|Publication number||US4677746 A|
|Application number||US 06/810,005|
|Publication date||Jul 7, 1987|
|Filing date||Dec 17, 1985|
|Priority date||Dec 21, 1984|
|Also published as||DE3543988A1|
|Publication number||06810005, 810005, US 4677746 A, US 4677746A, US-A-4677746, US4677746 A, US4677746A|
|Original Assignee||Juhani Raiski|
|Export Citation||BiBTeX, EndNote, RefMan|
|Patent Citations (12), Referenced by (6), Classifications (8), Legal Events (3)|
|External Links: USPTO, USPTO Assignment, Espacenet|
The subject of the invention is an assembly for attaching a cutter blade into a chain saw. The saw consists of a frame including controls and drive mechanism as well as a protruding blade encircled by an endless tooth chain receiving its motive power from a motor attached to the frame.
Most of the chain saws in use, when properly maintained and prepared, do perform the job they have been fitted for in a satisfactory way. Yet they have a shortcoming that cuts the actual working hours. In the dark time of the year, in particular, the effective working hours of a forest worker are limited into the lightest hours of the day, that is six hours a day more or less. The chain saw is used in cutting and delimbing a tree, and the effective working hours consumed in these operations are a decisive factor in the whole process. If the chain or the cutter blade as a whole has to be replaced in the forest, as is frequently the case, work efficiency is crucially affected. The chain may be damaged or broken or the chain has to be tightened at times. Besides, it would often be of advantage to use different chain and different blade length in cutting and delimbing. The chain saws presently used fail to allow for such considerations to a sufficient extent. They are composed of a number of separate parts that must be used and handled whenever the cutter blade is changed or adjusted. Such parts include all the following: chain, blade, side cover, bolts and chain tensioner. The saw has to be disassembled far enough to call it a time-consuming and inconvenient process in field conditions.
The purpose of the invention is to remove the above failures and to produce means of attaching a cutter blade into a chain saw in a way that enables easy and quick change of the cutter blade in field conditions. The operator can quickly replace the cutter blade if it is damaged or whenever an operation calls for another type of cutter blade. Service can always be carried out in the best possible conditions and only the above-mentioned changes take place in the forest. Service or repair in field conditions are not necessary only the operator has an adequate number of cutter blades at his disposal in the forest. For instance, if the chain is damaged, the work is only interrupted for the short time that is needed for a change.
To produce the above-mentioned advantages, the invented assembly for attaching a cutter blade into a chain saw is essentially characterized by the facts that the cutter blade as well as the power transmission unit to be connnected to the saw axle are mounted to an auxiliary frame, that the auxiliary frame is fitted with means of attachment and that the saw frame is fitted with counterparts for the attachment of the auxiliary frame to the saw frame so that the transmission unit is in a a power transmitting contact with the saw axle.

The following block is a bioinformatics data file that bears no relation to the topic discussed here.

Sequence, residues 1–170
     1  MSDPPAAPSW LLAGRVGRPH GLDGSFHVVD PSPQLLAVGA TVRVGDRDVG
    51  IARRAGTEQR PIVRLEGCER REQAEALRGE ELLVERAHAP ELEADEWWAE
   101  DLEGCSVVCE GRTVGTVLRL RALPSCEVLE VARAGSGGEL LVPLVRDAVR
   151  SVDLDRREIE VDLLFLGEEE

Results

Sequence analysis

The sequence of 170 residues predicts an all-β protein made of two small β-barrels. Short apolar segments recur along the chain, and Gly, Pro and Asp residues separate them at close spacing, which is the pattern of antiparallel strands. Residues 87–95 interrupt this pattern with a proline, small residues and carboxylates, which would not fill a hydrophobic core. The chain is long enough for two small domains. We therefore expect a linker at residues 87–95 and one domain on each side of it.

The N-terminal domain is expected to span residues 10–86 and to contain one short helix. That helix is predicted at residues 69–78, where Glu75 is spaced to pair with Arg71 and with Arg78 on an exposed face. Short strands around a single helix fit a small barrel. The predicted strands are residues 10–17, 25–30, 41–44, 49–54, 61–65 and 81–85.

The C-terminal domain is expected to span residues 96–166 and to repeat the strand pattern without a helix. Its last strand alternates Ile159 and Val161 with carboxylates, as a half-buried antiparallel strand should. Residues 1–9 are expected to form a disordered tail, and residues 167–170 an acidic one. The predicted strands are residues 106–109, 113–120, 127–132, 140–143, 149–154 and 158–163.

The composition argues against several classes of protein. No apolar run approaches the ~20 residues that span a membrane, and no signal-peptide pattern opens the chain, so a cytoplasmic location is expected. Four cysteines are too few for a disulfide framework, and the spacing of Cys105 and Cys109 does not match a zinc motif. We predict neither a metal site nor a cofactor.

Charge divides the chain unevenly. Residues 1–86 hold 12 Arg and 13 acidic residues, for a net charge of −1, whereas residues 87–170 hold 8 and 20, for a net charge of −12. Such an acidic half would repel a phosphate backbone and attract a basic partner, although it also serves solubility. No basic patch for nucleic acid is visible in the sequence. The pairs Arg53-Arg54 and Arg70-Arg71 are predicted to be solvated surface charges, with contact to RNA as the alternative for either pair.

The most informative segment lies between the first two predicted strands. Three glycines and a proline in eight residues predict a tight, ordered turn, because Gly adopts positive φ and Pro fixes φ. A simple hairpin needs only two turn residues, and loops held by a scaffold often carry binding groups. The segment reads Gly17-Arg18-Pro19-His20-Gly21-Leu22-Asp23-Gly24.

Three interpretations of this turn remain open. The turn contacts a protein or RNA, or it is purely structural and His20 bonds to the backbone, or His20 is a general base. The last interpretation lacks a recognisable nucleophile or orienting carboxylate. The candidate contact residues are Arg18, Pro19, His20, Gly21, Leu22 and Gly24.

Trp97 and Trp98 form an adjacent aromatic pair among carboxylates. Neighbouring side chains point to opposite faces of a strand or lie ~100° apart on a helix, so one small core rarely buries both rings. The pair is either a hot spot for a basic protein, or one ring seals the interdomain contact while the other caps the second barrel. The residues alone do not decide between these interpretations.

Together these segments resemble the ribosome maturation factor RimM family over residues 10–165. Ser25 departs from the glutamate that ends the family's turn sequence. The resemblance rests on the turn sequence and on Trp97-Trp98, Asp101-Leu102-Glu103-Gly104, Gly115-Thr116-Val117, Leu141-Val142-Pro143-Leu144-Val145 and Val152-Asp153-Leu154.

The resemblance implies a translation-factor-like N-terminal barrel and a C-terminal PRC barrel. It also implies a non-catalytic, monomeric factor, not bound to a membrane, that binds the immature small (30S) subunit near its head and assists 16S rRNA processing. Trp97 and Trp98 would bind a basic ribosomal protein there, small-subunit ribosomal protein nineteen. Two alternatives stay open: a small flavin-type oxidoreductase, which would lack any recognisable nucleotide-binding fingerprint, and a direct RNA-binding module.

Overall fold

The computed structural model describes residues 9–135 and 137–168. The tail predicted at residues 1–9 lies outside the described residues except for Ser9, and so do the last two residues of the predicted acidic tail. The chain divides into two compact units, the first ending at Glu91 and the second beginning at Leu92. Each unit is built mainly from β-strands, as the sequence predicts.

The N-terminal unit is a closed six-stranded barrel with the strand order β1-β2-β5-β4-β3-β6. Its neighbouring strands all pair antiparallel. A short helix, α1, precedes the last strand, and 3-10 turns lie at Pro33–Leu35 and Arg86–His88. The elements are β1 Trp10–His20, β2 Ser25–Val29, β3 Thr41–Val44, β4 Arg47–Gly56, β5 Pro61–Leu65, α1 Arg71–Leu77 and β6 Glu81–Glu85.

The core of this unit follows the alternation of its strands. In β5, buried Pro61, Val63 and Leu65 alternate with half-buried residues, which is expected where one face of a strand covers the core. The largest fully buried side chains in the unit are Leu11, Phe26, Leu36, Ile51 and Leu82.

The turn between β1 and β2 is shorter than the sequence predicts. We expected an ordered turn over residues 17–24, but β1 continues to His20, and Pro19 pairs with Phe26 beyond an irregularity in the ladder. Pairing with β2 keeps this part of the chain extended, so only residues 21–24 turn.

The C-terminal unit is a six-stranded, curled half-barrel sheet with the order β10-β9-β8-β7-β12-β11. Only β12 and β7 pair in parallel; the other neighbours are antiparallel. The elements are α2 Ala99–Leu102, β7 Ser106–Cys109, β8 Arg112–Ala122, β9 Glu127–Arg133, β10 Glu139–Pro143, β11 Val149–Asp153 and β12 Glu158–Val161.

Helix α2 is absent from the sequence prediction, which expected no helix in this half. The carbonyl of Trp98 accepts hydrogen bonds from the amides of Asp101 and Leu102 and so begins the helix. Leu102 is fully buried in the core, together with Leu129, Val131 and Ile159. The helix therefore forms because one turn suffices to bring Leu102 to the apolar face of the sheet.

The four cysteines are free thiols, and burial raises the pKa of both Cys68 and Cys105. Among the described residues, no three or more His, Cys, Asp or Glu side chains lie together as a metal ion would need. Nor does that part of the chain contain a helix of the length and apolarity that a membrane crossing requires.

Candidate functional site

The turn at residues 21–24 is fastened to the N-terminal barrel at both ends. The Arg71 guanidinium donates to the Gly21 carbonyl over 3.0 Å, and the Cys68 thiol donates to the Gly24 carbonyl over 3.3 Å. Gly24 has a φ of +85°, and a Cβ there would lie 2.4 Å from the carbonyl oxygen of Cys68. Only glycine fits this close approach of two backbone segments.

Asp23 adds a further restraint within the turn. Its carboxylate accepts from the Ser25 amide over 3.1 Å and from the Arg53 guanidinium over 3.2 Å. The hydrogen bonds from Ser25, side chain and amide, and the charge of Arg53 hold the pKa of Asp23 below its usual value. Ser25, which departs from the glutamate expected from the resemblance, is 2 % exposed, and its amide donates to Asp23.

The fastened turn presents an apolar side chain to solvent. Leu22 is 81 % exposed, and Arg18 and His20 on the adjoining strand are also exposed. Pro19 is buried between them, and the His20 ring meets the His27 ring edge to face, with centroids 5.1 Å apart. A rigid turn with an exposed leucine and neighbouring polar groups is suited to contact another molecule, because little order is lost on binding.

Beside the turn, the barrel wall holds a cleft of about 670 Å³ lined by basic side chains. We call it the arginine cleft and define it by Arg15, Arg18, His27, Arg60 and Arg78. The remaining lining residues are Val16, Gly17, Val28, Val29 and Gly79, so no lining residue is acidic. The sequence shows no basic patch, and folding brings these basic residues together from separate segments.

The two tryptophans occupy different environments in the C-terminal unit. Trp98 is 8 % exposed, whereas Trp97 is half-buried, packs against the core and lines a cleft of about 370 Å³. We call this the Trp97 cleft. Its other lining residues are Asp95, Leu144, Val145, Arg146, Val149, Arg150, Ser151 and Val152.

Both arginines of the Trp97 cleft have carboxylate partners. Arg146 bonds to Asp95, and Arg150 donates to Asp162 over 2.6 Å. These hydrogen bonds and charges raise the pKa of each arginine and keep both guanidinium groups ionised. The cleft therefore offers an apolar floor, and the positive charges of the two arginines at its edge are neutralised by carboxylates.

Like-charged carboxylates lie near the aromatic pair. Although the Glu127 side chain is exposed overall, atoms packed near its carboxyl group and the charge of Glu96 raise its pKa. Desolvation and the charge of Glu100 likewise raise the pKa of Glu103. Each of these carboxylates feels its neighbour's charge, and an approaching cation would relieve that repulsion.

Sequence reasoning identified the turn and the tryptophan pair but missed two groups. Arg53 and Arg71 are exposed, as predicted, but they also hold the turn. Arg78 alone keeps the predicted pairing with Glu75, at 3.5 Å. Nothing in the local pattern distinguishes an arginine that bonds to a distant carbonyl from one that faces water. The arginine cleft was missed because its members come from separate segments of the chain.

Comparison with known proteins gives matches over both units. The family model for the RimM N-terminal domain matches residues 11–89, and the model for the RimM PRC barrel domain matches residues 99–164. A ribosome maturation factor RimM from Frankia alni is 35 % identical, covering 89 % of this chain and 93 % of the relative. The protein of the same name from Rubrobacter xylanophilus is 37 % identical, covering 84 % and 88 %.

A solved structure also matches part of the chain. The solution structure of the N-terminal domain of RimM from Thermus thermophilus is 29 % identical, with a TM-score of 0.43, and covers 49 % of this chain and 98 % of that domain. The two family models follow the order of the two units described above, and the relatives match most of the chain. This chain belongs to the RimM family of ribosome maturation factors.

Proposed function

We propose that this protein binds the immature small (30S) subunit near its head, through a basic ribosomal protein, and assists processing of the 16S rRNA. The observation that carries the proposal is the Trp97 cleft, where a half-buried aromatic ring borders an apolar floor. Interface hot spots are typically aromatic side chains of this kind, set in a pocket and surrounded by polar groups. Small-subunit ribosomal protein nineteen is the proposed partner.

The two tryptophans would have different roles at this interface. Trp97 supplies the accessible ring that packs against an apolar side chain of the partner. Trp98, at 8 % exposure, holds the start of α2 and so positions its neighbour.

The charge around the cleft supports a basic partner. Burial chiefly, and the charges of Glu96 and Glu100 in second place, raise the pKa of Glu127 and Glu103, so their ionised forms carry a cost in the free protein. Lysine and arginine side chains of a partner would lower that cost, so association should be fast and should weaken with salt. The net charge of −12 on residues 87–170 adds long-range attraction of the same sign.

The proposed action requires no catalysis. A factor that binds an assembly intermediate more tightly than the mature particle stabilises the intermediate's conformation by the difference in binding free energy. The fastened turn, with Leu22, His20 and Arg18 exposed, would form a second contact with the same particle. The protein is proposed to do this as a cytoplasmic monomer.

Other characteristics of the invention are explained in the following subclaims including a few embodiments of advantage.
The following is an illustration of one embodiment of the invented assembly with references to the enclosed drawings.
FIG. 1 is an overall view of the chain saw from above, where the arrow shows the direction of mounting the auxiliary frame of the assembly,
FIG. 2 shows the saw frame as seen from the direction of mounting the auxiliary frame,
FIG. 3 is section A--A of FIG. 2 and
FIG. 4 shows the auxiliary frame as seen perpendicular to the mounting direction,
FIG. 5 is section B--B of FIG. 4 and
FIG. 6 is section C--C of FIG. 4.
In the overall view in FIG. 1, number 1 refers to the saw frame. Number 2 refers to the cutter blade including toothed chain. Arrow 3 shows the direction of mounting the auxiliary frame of the assembly.
FIG. 2 shows the saw frame 1 as seen from the mounting direction particularly at the auxiliary frame. FIG. 3 is section A--A of FIG. 2 at the crankshaft 4. For the use of the invented assembly the end of the crankshaft 4 of the saw motor is formed into a cylinder with grooving 5 lengthwise. Behind the cylinder in the mounting direction there is a radial groove 6. Further, the frame 1 has a recess 7 around the crankshaft 4.
FIGS. 2 and 3 also show the construction of the counterparts of the assembly. Holes 8 and 9 are drilled into the frame 1 preferably so that the centres of the holes lie in the centre line of the cutter blade. The holes 8 and 9 are internally threaded and their counterpieces 10 and 11 are externally threaded. Both have a central axial hole 12, which is a 4-grooved (grooves 15) key hole. The bottom 12' of each hole 12 is cylindrical, the diameter corresponding to the distance between the bottoms of the opposite grooves 15. Four axial locking necks 13 are thus formed between the grooves 15.
Further, the frame 1 has a groove 14 parallel to the length of the cutter blade.
FIG. 4 shows the auxiliary frame including transmission unit and cutter blades (without chain) as seen from the opposite direction of mounting and FIG. 5 section B--B at the transmission unit 16 and the middle axis of the quick fasteners 17. The auxiliary frame 18 includes a casing 19, whose opening 20 opens to the mounting direction while the auxiliary frame 18 surrounds the other sides of the casing 19. The transmission unit 16 is mounted in bearings to the bottom of the casing 19 so as to revolve around an axle 21 which runs parallel to the mounting direction. The mounting in bearings and the axles are generally referred to by number 22. The transmission unit 16 has a hole 23 parallel with the middle axis 21. The hole 23 is fitted with, first in the mounting direction, a radially flexible axial locking unit, circle balls 24 in particular, (in attachment acting together with groove 6 of shaft 4, FIG. 3). The latter part of the hole 23 has a longitudinal grooving or spline 25 (acting together with the grooving or spline 5 of the shaft, FIG. 3). Through these parts 24, 25 of the transmission unit the auxiliary frame 18 is brought into power transmitting connection with the shaft 4 of the saw motor. Further, the transmission unit 16 contains as external parts, first in the mounting direction, a protective flange 26 (fits into recess 7, FIG. 3), next a drive gear 27 acting together with the chain in order to pass on the rotation movement of the transmission unit 16 to the chain in longitudinal direction of the cutter blade 2. Next in the mounting direction comes a dowel pin 28 and a centrifugal coupling 29, then the above mentioned mounting in bearings 22 through which the transmission unit 16 is fastened to the auxiliary frame 18.